New research has revealed that holidaymakers are still being sold self-test lateral flow kits that don’t comply with the law months after the issue was first highlighted in an exclusive report by Travel Gossip.
Which? said it had found that several travel companies, including British Airways and Jet2.com, were advertising LFTs that should only be used under professional supervision.
It said that several kits being sold to holidaymakers to test for COVID before they return to the UK don’t carry the relevant code to confirm that that they have been approved by the medical regulator, the MHRA, for self-use.
While fully vaccinated travellers and children will no longer need to take a COVID test before returning to the UK from Monday, those who aren’t vaccinated will.
Also, the Government is planning to introduce lateral flow tests to replace PCRs for travellers returning from abroad later this month.
“With lateral flow testing set to become much more widespread when travel rules change in October, this raises serious concerns about whether the private testing system will be fit for purpose when it is scaled up to meet demand,” said Which? Travel Editor Rory Boland.
“The dysfunctional PCR testing system in place up until now has left consumers exposed to extortionate prices and unreliable providers. These mistakes must not be repeated for lateral flow testing – the government must ensure a properly functioning system is in place.”
However, the Government doesn’t seem to be concerned that travellers are being sold LFTs that aren’t fit for purpose.
Which? said it hadn’t heard of any cases of returning holidaymakers being prevented from returning to the UK after using one of the kits without the required code.
Kits which don’t have the four-digit code include those from Excalibur, which is a test provider for both BA and Jet2.com, and LivingCare, which also sells LFTs through Jet2.com, said Which?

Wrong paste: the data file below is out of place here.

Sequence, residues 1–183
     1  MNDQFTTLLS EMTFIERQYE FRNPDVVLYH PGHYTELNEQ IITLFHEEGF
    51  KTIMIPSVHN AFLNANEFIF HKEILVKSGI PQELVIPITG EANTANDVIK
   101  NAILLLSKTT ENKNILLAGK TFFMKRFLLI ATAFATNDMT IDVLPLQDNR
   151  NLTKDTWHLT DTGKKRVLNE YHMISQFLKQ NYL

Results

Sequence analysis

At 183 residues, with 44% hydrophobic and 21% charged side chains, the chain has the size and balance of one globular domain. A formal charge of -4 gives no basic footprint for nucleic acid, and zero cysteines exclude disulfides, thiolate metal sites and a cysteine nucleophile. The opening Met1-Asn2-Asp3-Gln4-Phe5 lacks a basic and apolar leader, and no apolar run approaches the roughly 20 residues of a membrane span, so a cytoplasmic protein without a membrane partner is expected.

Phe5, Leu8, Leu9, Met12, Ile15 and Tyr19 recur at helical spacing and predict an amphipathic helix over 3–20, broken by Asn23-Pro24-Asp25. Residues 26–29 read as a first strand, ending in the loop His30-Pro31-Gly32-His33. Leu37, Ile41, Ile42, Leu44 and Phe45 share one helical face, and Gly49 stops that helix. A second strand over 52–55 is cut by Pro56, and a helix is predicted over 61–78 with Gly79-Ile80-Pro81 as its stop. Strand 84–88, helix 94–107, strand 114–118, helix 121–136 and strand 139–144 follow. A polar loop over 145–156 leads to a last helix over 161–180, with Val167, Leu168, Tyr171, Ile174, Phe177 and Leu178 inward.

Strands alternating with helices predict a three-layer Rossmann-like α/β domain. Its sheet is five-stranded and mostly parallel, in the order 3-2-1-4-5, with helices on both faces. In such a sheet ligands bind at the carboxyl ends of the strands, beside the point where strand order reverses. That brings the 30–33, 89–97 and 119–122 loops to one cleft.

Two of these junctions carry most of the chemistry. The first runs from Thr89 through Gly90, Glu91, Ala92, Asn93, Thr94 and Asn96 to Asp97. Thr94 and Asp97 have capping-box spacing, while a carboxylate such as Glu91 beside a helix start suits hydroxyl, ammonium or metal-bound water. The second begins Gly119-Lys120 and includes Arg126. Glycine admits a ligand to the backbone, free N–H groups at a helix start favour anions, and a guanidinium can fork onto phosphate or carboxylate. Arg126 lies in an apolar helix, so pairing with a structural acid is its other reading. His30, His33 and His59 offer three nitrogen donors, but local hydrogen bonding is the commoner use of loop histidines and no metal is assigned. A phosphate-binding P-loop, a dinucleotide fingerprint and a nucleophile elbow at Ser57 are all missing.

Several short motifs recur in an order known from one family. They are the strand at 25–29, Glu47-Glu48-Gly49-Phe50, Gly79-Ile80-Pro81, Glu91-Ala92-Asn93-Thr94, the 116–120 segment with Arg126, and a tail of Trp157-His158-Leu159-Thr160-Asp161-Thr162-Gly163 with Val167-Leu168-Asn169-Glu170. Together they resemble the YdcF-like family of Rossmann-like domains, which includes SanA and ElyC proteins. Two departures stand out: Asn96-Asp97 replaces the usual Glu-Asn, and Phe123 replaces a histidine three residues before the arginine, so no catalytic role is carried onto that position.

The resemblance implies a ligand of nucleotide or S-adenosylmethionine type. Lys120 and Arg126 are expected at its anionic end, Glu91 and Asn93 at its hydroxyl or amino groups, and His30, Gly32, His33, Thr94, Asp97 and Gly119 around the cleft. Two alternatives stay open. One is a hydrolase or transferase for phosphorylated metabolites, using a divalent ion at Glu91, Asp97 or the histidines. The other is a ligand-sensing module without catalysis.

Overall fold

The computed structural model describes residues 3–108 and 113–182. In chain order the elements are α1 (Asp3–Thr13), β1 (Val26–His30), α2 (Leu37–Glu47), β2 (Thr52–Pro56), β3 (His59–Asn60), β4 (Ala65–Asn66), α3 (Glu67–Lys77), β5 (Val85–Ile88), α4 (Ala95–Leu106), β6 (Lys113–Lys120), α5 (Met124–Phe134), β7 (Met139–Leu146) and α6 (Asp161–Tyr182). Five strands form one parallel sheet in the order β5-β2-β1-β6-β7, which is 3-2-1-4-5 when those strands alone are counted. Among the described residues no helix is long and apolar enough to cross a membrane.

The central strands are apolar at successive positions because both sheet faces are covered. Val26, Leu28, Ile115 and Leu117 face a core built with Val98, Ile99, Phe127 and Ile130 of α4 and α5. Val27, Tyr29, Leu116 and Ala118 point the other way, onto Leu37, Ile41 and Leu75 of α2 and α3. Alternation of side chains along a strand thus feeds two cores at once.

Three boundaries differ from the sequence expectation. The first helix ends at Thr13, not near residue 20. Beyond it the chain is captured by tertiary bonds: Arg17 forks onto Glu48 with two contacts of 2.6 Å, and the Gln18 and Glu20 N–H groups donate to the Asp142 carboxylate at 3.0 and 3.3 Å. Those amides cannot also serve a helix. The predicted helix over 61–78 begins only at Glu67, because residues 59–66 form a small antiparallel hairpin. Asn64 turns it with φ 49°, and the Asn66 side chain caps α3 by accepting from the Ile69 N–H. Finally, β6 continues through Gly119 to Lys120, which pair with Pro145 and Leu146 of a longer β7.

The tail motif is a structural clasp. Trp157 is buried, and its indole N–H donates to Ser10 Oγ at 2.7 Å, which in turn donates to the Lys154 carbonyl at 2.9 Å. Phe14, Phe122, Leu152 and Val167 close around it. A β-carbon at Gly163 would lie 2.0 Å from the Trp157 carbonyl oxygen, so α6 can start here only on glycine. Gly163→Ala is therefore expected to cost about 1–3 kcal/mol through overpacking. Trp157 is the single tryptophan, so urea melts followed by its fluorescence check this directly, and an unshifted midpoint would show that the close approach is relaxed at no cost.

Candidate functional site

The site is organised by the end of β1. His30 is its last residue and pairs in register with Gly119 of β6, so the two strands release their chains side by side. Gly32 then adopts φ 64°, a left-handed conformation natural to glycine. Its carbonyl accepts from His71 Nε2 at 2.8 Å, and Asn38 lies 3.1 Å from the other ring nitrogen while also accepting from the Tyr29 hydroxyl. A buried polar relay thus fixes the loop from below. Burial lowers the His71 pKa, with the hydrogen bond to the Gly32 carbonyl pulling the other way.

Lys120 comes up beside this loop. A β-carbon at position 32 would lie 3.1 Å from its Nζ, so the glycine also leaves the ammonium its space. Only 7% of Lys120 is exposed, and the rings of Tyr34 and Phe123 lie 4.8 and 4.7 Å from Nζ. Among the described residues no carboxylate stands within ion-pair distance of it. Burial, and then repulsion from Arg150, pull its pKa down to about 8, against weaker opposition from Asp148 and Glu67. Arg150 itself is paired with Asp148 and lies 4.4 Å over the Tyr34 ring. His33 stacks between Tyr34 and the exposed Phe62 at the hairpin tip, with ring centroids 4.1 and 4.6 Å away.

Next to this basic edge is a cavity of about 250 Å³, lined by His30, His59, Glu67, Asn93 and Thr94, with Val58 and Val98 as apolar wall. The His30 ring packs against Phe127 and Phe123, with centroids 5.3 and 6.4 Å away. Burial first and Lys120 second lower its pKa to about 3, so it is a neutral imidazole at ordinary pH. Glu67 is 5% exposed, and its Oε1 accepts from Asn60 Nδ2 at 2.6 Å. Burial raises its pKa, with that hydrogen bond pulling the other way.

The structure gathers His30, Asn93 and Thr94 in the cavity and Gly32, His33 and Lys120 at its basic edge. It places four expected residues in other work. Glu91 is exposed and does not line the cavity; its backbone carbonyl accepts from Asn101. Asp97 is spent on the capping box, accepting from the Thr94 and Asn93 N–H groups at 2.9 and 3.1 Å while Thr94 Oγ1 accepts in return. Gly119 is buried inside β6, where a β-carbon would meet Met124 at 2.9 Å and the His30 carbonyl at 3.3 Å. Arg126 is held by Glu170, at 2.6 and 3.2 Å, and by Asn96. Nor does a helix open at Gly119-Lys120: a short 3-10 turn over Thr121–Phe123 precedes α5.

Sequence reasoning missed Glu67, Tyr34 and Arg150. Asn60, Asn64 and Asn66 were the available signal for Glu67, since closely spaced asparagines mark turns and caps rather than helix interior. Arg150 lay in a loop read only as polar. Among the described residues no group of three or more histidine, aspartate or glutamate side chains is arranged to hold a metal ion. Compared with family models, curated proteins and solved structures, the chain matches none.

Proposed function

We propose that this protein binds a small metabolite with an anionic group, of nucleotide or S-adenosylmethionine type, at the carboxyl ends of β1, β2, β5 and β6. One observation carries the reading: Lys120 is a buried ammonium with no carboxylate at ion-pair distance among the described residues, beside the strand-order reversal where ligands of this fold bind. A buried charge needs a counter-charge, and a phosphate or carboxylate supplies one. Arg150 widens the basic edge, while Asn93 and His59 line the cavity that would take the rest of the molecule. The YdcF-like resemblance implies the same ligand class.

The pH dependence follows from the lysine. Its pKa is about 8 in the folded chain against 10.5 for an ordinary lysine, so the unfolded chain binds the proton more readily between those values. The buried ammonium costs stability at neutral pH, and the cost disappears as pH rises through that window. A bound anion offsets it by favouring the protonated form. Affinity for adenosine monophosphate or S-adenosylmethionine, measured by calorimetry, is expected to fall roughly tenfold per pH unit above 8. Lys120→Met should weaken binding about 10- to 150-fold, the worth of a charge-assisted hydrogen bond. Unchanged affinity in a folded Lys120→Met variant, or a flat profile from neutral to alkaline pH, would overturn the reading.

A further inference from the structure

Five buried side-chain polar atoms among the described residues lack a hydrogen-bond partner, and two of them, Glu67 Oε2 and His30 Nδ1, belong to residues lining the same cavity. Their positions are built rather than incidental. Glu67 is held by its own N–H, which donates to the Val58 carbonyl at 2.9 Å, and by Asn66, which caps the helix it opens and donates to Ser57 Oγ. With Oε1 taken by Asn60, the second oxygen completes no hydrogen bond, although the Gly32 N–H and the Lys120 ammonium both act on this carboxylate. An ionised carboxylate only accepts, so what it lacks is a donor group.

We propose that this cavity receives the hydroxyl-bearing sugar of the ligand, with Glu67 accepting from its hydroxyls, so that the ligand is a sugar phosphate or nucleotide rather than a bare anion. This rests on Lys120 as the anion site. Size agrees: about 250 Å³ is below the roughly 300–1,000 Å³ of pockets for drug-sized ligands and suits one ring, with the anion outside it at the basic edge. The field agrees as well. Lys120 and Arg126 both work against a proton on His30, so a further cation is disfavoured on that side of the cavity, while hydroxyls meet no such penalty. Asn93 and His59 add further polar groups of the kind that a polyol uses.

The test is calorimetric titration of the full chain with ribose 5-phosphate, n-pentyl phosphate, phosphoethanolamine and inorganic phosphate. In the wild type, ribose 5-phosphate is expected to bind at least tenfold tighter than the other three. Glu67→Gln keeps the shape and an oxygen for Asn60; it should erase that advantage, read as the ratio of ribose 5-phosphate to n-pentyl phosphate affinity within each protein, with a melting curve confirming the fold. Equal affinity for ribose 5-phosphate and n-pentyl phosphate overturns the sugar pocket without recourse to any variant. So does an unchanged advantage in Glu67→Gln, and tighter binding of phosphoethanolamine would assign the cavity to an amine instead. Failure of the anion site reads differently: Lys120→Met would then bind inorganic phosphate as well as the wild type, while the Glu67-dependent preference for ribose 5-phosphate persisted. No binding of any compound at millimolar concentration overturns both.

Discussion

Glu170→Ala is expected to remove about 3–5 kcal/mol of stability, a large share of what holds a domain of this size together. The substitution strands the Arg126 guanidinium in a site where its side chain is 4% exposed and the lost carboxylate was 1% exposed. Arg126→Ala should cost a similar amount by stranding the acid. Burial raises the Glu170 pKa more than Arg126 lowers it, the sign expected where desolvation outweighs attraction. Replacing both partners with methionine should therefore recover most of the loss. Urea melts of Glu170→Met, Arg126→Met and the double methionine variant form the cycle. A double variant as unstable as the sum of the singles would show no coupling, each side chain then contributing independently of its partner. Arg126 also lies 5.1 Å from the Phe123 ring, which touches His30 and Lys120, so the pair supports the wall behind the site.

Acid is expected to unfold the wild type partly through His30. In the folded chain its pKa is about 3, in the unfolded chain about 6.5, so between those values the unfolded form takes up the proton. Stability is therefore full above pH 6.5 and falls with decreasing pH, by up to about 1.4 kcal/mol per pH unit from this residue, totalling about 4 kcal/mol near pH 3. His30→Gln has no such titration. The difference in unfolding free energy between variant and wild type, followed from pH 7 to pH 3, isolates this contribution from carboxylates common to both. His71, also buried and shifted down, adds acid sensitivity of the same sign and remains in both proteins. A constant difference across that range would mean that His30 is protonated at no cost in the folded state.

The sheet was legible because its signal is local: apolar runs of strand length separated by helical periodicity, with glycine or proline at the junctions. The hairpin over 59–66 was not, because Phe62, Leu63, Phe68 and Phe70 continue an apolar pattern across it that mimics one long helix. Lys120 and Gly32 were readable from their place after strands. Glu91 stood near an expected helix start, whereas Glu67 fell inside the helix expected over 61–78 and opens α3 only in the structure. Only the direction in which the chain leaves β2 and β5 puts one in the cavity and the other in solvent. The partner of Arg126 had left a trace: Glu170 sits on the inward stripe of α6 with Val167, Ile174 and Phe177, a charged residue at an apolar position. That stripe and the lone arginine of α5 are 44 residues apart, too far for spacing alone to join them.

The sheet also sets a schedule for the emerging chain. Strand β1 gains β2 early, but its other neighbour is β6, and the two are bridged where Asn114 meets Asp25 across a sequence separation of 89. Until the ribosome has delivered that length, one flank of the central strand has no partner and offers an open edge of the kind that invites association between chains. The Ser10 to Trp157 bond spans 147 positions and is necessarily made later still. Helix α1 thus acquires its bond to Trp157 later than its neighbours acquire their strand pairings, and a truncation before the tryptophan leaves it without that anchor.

The MHRA first revealed to Travel Gossip in May that some tests were being wrongfully sold to holidaymakers for self-testing. It said the kits were only approved for use under professional, face-to-face supervision and should not have been sold for self-use, even if they included medical supervision via a video link.
Excalibur told Which? that the tests it sells via BA and Jet2.com do meet the legal requirements, and it said that a printing error on the packaging meant that the correct code wasn’t shown. It added: “All tests will have the required CE mark displayed appropriately going forward.”
Living Care said that its tests are compliant when used at its assisted testing sites, but it said it would now be using a new test that is compliant with self-testing legislation.
Which? reported in June that cheap tests sold through TUI, from Chronomics, originally lacked the required four-digit code, as did those sold by another major provider, Qured.
However, both firms have taken steps to make sure they comply with the regulations, said Which?
The advice from the MHRA on gov.uk says: “If a lateral flow antigen test is marketed for self-testing, but does not have a 4-digit identifier number next to the CE, CE UKNI or UKCA mark symbol on the packaging, it is not compliant with the regulations required for self-testing.”
The Government told Which? this advice will also be added to the guidance for travellers entering the UK, which currently only stipulates how accurate the tests need to be.